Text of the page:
(06/20/2006)
Story and Photos by Drew Moody
For the Hur Herald
drewmoody@verizon.net

Old-time music has always been at the heart of the annual West Virginia State Folk Festival.

And so it was again, as Appalachian mountain music drifted in the air throughout the city.

Gabrielle MacRae of North Carolina

There were evening music programs, fiddle and banjo contests, and what most musicians and music lovers enjoy - jammin' everywhere. They were like small groups of bees swarming to their favorite area.

Musicians took posts under cover of United Bank's drive through, on the second level of the Conrad Hotel breezeway, behind the old Conrad Restaurant (now Trezan's), and they even took over the steps of the downtown police station.

Music filled the air. Young and old alike played together in celebration.

It was almost too much fun to be legal.

The Fiddling Tumbleweed

Some musicians traveled great distances to be in Glenville, thought to be within a larger geographic region particularly blessed with old-time music talent - often handed down throughout generations. Lester McCumbers, of Nicut, Calhoun County; and late Melvin Wine of Braxton County among them.

One young woman, Erynn Marshall of Victoria, British Columbia, initially fell in love with the old 'claw-hammered' style of banjo playing, after studying Irish fiddle as a youth.

Then in the mid-1990s, she took Melvin Wine's class at the Augusta Heritage Center in Elkins. Marshall has been hooked on old-time fiddle music since.

Erynn Marshall, left, jams with fellow musicians on the step
of the Glenville Police Department. Pictured clockwise from Marshall
are Nikolai Fox of Portland, Maine; Andrew Norcross, a banjo maker
(on fiddle) from North Carolina, and Gabrielle MacRae, also of NC

"I did become completely obsessed with this music," she said.

Her passion has fueled thousands of miles of travel and resulted in her writing a book profiling both the music, artists, and folk traditions of West Virginia.

Seven West Virgina musicians are profiled in her book. "Music in the Air Somewhere" is published by the West Virginia University Press. Marshall has donated all proceeds to the Augusta Heritage Center.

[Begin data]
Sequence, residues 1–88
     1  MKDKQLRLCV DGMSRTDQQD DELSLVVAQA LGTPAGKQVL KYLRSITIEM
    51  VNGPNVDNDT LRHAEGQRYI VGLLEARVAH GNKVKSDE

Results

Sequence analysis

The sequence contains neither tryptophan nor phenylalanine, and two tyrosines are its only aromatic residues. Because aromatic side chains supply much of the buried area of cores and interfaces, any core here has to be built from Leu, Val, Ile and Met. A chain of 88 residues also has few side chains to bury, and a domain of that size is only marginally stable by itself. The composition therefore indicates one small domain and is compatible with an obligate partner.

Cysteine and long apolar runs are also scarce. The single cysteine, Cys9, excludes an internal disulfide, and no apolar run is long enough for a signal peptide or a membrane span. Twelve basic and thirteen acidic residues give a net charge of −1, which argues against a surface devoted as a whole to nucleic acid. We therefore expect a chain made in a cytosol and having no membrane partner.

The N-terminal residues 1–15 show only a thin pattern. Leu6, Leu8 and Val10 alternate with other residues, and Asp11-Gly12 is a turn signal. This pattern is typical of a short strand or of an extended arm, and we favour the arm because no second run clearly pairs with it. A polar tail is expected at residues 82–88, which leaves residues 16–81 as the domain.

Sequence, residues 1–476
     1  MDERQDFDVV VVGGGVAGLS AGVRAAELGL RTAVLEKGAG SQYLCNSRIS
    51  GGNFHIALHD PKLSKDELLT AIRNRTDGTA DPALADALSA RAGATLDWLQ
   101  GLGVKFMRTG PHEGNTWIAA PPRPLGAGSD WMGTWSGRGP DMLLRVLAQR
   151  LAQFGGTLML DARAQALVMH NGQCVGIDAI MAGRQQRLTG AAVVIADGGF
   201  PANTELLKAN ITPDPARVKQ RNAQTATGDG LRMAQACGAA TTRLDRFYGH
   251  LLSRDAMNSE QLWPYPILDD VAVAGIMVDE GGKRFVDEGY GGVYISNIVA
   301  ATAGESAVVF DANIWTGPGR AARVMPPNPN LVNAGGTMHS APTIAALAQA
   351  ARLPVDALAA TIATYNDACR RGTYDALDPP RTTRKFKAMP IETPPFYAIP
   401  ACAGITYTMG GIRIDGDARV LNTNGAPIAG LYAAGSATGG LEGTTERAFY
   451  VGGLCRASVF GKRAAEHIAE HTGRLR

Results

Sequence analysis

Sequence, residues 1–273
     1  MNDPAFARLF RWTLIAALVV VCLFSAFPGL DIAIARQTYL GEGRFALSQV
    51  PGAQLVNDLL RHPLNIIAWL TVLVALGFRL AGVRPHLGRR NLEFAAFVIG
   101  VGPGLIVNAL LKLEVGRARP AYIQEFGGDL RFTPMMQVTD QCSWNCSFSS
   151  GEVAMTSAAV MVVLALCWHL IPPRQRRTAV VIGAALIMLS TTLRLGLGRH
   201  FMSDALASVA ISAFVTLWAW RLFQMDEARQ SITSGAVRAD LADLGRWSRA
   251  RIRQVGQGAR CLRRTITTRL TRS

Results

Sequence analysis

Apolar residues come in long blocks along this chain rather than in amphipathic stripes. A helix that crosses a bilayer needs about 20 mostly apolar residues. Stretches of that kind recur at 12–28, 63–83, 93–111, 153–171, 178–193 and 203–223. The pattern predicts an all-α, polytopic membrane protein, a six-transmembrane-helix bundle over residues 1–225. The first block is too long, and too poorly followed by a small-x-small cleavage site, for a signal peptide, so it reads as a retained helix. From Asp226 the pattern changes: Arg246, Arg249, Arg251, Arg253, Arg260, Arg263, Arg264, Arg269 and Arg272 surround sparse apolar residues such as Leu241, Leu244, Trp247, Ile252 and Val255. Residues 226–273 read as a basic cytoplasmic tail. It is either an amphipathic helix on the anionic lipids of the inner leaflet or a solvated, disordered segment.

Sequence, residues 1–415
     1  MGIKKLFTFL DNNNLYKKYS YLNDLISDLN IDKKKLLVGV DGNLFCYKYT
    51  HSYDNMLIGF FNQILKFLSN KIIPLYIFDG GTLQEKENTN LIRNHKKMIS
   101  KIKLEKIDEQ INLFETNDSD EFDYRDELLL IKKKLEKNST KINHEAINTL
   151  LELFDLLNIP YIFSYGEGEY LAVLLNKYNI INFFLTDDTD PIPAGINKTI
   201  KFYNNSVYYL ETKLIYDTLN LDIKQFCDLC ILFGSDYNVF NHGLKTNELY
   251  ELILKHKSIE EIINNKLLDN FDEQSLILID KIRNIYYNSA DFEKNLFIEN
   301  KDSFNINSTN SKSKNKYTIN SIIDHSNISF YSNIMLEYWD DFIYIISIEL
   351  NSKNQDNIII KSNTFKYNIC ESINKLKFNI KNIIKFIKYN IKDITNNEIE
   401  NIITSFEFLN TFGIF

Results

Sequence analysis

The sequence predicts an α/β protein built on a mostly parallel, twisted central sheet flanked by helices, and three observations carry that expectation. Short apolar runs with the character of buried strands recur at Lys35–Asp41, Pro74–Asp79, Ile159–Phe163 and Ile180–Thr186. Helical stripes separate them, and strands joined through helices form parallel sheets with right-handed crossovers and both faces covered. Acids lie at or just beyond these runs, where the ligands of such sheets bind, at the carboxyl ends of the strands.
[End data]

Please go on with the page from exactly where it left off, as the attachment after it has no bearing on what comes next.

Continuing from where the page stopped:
Included with this survey of Appalachian tradition is a CD of Marshall's field and archival recordings of West Virginia musicians Warren Cronin, Rita Emerson, Lela Gerkins, Leland Hall, Phyllis Marks, Lester and Linda McCumbers, Woody and William Simmons, Melvin Wine, and the Sand Valley Boys.

The book was presented as her master's thesis in Ethno-Musicology at York University in Toronto. She scoffed at the idea she's an accomplished author. "I'm just a fiddler at heart," she said.

Marshall's traditional music research has also taken her to Kentucky and North Carolina as well. She describes the fiddle style found in West Virginia as more "raw, smokey, and sincere."

She says the nuances of fiddle playing from region to region are similar to accents and dialects of language.

It's a subject difficult to speak about, because the knowledge is in the experience of either listening to the music or making it.

When visiting with Marshall one has the distinct feeling area residents of central West Virginina live among truly great musicians, often without realizing it.

She's returning to British Columbia to teach fiddle playing.

The Tuned Washtub Bass

"I didn't invent it, I just made it better," said Dave Donehoo of Lincolnton, Georgia. He uses a shovel handle, a tuning key and sound-hole on the bottom similar to a guitar, and raises it off the ground a little. The result is a single-stringed instrument with the sound quality of a genuine upright base.

Donehoo also plays fiddle, banjo and guitar. He says there's already enough of those instruments available and brings the bass because it's more in demand.

His father and grandfather were fiddle players in North Georgia. "You can't find much old-time music in Georgia anymore," he laments.

Dave Donehoo on his washtub base, playing
with Chester Jones of Calhoun County

The librarian and competitive bicyclist laughs at the attention the bass receives. "I've had thousands of pictures made with it."

Donehoo paused to reflect on the irony of this attention.

Once when playing alongside West Virginia dulcimer player Alan Freeman, Freeman was essentially overlooked in favor of Donehoo's washtub contraption. "And Alan is the best dulcimer player in the world, I think," Donehoo said.

The Rest - An Eclectic Mix

A young musician from Portland, ME; a banjo maker from Madison County, North Carolina; a sometime house painter and baby-sitter; and an author sat on the steps of the Glenville Police Station playing tunes.

They all looked almost too young to be such accomplished musicians. And all played in perfect time.

"I haven't played with these guys since one day last year," said Erynn Marshall. "It's a universal language."

In looking over the crowd, believed to have declined this year, it cuts across cultural lines.

Some players looked like they'd be more at home at a Rainbow Gathering or Grateful Dead concert. Others appeared polished and ready to take the stage anywhere.

All share a mutual love and respect for old-time music.

For those interested in additional music festivals upcoming in West Virginia see information about the Appalachian String Band Music Festival at www.wvculture.org This festival is from August 2-6 in Clifftop, Fayette County.

Other events are scheduled throughout the summer in Elkins, West Virginia
through Davis & Elkins College's Augusta Heritage Arts Workshops.
Concerts and jam sessions are frequently scheduled. For more information see www.augustaheritage.com

The old-time Fiddler's Reunion is in October.

The West Virginia Division of Culture and History Center's website is also a good source for information about West Virginia. See www.wvculture.org for more information.


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